privileged agent of historical change. It was concerned with
how to conceive politics when you start from fragmented
social identities. Now, in this is connected with the question of
identity. Political identities, for us, are never immediately
given. Political identities are always constructed on the basis
of complex discursive practices. That is a reason why the
psychoanalytic category of identification is central for us. Let's
suppose if you have something like there was in America
some years ago, the Rainbow Coalition of Jesse Jackson,
there you see an attempt to put together a dispersion of
social positions, an issue politics, around some kind of unified
historical-political intervention. It didn't work. But, it gives
some picture of what we have, into account. So, to
summarize the point, I think what we are dealing with is a
retreat from agency as a homogeneous identity to conceive
agency as a result of a pragmatic articulation of a plurality of
issue politics and political intervention, and as a result of this
required, political identification, which profoundly changed the
notion of agency and identity.

Angus:

So while identity appears as a kind of a solution, perhaps
initially, it's actually a name for a whole series of problems.

Laclau:

I think so. No simple notion of identity can be accepted today
in any, more or less, sophisticated analysis of contemporary
politics.

Angus:

Well, Hegemony and Socialist Strategy attempted to
deconstruct the received political categories, on the one
hand, of Marxism, but also of liberal democratic thought, and
to allow a reinterpretation of these categories in a way that
could allow you to comprehend contemporary politics
somewhat better, and also to understand the different kinds
of interventions that seem to be going on through the 1980's
and also the 1990's. I notice that one way in which this
reconceptualization takes place, is that you tend to speak of
what you call 'political space.' And I wonder, it seems to me
that the traditional political category would be the public
sphere, or something like that - 'the public.' Do you see your
concept of political space as a reformulation of the traditional
concept of the public sphere?

Mouffe:

Well, I should point out that, at the moment when we began
to develop that, we were not thinking. so much, in terms of
the relation with the liberal view. When we are speaking of the
need to multiply the political space, I think it is very much
linked to what is the central approach in hegemony, to which
Ernesto has already referred, the need to understand that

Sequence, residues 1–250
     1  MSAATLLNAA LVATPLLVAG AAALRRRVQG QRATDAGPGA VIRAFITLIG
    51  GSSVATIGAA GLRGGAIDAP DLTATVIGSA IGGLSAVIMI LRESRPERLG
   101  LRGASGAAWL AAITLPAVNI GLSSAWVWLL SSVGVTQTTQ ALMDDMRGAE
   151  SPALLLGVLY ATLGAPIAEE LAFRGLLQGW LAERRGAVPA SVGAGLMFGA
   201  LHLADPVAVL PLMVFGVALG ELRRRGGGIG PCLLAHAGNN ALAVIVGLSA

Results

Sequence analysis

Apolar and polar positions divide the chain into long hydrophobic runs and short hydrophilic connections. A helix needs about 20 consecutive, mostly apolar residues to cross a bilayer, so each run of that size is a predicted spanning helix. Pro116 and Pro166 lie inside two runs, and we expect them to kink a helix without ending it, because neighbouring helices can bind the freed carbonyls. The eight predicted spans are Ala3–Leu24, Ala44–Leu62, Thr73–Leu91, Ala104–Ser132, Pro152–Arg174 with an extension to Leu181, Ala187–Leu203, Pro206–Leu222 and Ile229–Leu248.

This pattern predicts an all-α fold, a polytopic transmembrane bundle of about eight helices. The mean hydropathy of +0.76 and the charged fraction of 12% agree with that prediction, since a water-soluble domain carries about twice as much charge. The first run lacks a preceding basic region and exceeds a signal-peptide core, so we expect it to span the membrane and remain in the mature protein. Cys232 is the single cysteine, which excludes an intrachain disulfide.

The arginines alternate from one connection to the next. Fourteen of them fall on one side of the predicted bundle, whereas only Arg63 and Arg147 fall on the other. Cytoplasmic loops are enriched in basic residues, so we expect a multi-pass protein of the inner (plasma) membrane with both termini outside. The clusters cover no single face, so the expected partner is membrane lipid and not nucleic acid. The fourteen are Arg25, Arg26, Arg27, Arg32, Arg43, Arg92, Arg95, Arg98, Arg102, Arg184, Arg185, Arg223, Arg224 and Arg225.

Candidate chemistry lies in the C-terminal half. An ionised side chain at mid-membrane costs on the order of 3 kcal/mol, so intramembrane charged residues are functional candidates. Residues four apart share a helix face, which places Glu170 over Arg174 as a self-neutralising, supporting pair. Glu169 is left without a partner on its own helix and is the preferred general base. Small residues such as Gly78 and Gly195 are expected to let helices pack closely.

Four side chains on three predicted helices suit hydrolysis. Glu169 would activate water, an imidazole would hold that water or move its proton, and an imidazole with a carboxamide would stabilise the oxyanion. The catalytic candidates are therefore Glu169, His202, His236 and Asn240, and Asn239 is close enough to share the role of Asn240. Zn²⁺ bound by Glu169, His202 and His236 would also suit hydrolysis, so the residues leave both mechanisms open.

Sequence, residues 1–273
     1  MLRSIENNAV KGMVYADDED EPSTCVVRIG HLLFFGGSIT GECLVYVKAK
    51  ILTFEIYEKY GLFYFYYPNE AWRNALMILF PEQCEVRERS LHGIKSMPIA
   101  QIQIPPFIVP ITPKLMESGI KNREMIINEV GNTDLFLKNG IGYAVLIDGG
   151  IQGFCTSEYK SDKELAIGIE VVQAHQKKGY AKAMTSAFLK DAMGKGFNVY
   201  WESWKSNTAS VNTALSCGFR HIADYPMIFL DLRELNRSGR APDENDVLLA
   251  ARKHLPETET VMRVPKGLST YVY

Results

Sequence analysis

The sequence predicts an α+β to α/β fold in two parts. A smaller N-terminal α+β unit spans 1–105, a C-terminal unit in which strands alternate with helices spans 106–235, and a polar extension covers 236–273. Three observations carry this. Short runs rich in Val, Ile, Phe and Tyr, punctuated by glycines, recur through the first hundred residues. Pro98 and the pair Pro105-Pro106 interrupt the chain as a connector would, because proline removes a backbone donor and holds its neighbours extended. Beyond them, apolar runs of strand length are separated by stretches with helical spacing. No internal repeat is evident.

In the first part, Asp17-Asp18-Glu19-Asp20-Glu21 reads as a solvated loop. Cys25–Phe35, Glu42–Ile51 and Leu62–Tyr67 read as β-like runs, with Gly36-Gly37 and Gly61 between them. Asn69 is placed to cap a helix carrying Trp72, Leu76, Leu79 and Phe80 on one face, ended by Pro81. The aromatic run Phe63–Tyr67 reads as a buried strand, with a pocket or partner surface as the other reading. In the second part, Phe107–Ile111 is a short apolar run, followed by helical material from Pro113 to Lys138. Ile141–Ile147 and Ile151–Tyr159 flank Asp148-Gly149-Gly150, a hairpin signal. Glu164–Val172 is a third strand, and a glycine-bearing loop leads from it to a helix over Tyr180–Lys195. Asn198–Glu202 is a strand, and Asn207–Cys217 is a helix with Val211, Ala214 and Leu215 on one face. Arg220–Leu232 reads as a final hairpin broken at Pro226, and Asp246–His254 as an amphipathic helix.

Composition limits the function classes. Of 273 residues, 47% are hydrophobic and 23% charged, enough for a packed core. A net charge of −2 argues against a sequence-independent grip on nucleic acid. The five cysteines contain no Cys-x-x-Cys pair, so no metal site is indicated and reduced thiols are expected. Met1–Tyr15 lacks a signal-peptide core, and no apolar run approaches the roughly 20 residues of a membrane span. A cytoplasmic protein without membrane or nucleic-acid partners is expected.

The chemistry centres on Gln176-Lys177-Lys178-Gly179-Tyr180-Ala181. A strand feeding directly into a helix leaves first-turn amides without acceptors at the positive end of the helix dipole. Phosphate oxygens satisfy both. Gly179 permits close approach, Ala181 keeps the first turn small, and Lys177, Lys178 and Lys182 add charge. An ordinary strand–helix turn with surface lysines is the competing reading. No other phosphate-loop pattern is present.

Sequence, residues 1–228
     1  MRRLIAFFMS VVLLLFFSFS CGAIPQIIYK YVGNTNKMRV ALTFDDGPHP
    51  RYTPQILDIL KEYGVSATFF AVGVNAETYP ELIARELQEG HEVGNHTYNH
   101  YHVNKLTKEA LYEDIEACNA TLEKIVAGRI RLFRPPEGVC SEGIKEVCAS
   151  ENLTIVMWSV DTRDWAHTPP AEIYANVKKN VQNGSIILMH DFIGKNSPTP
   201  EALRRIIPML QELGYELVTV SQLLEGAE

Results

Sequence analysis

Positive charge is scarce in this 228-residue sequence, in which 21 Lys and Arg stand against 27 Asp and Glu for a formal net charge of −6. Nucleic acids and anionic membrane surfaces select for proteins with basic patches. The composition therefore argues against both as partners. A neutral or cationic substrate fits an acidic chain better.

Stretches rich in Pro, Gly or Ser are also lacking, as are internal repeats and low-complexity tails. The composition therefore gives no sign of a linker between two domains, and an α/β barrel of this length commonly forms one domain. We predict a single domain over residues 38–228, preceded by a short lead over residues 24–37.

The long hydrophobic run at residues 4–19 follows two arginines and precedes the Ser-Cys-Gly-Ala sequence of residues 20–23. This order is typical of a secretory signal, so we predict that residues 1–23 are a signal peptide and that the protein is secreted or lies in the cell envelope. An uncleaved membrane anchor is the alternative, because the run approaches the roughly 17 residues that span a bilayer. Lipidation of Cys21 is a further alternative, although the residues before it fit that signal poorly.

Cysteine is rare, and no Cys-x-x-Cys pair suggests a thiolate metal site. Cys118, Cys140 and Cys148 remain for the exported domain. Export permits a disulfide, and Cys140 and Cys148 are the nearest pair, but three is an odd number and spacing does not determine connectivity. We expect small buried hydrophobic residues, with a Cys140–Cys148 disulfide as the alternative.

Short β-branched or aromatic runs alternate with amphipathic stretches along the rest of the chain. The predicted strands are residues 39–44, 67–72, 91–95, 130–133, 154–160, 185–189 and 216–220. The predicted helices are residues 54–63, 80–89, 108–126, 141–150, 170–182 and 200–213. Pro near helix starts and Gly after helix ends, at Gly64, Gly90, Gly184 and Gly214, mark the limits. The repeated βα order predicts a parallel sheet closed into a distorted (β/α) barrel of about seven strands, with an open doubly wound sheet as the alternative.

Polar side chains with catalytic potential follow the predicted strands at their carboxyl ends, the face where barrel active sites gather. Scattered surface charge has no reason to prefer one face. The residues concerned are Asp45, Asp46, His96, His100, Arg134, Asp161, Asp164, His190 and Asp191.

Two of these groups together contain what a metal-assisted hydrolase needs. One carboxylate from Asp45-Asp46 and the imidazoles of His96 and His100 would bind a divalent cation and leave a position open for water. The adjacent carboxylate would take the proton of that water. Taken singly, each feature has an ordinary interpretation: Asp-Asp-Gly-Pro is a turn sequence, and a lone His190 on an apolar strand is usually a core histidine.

there are different sides of antagonism; that one cannot just
think that class antagonism is the only one. In fact, the older
struggle, around the new social movement, indicate that there
are many other forms of domination or forms of oppression
and that those need to be put into a question too, and
because they are also a sight in which specific forms of
identities are constructed in subordination. And in fact, the
way in which we were imagining this project of radical and
plural democracy, which was to extend the democratic
struggle to all those areas in which the relation of domination
existed, was why, by multiplying what we call the political
space, and thinking that it was not, for instance, strictly limited
to either the traditional public sphere or, as Marxists will have
it, around the question of class, but that there was, in fact, a
multiplicity of locus of power in society that needed to be put
into question. And I must say that, at least as far as I am
concerned, its only later on that I began to think about what
the liberals were saying about that and try to see what was
the relation between our view and the one of the liberal. And I
began, probably at that time, to valorize more this liberal 'art
of separation' - the distinction between the public and the
private - because, I think probably there, the most important
aspect has been the way in which, at least in France, the
critique of totalitarianism, by people on the left, has showed
that it was very important to maintain this distinction between
the public and the private, because any attempt to blur the
distinction was, in fact, opening the way to some kind of
complete control of society by, for instance, the state, and the
liberal tradition provided us with a possibility to, at least,
establish barriers in order to impede that. Of course, once I
say that, the question is, what are the limitations of this liberal
conception? I think that the limitations, for instance, has been
very well put to the fore by the feminist critique. I think that the
feminist critique has shown that the way the public/private
distinction was created by the liberals had been by relegating
sayers of issues to the sphere of the private, and impeding,
precisely by that move, that many forms of domination would
be put into question. So, then, of course, one can see why
the idea of a multiplicity of political space is important to